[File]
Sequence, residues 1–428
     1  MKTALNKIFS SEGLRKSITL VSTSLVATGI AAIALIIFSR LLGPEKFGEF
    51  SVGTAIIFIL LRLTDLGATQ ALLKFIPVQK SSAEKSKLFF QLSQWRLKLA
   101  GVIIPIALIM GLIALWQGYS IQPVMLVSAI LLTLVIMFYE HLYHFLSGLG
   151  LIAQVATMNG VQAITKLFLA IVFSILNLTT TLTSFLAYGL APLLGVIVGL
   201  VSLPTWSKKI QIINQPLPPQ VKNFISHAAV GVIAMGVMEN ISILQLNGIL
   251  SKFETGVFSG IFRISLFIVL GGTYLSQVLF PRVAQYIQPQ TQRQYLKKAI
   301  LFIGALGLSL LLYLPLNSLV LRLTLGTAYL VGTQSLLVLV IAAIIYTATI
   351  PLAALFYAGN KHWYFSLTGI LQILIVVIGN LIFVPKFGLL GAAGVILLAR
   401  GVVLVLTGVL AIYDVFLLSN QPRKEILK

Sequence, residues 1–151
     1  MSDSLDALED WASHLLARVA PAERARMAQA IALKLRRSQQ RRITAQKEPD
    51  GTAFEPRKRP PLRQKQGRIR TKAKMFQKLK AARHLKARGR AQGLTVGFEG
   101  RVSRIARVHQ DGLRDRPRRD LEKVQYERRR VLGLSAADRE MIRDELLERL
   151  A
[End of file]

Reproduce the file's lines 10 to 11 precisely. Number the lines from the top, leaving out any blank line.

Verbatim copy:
   401  GVVLVLTGVL AIYDVFLLSN QPRKEILK

Sequence, residues 1–151